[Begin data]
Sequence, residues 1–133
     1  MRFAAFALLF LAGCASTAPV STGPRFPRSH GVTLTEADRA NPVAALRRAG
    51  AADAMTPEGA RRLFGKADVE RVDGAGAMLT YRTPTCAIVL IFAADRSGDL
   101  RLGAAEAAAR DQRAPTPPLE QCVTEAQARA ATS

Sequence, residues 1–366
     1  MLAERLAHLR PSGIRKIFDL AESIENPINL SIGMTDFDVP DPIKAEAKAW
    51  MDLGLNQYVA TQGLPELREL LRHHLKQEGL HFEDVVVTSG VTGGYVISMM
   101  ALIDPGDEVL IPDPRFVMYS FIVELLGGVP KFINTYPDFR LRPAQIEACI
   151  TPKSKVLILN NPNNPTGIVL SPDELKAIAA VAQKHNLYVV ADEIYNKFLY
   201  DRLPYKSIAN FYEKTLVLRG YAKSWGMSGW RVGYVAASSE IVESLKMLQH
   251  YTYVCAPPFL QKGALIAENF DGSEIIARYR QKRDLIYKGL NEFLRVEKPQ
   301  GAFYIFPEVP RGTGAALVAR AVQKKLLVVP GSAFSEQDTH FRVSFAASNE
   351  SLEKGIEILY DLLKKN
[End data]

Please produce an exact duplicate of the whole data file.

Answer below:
Sequence, residues 1–133
     1  MRFAAFALLF LAGCASTAPV STGPRFPRSH GVTLTEADRA NPVAALRRAG
    51  AADAMTPEGA RRLFGKADVE RVDGAGAMLT YRTPTCAIVL IFAADRSGDL
   101  RLGAAEAAAR DQRAPTPPLE QCVTEAQARA ATS

Sequence, residues 1–366
     1  MLAERLAHLR PSGIRKIFDL AESIENPINL SIGMTDFDVP DPIKAEAKAW
    51  MDLGLNQYVA TQGLPELREL LRHHLKQEGL HFEDVVVTSG VTGGYVISMM
   101  ALIDPGDEVL IPDPRFVMYS FIVELLGGVP KFINTYPDFR LRPAQIEACI
   151  TPKSKVLILN NPNNPTGIVL SPDELKAIAA VAQKHNLYVV ADEIYNKFLY
   201  DRLPYKSIAN FYEKTLVLRG YAKSWGMSGW RVGYVAASSE IVESLKMLQH
   251  YTYVCAPPFL QKGALIAENF DGSEIIARYR QKRDLIYKGL NEFLRVEKPQ
   301  GAFYIFPEVP RGTGAALVAR AVQKKLLVVP GSAFSEQDTH FRVSFAASNE
   351  SLEKGIEILY DLLKKN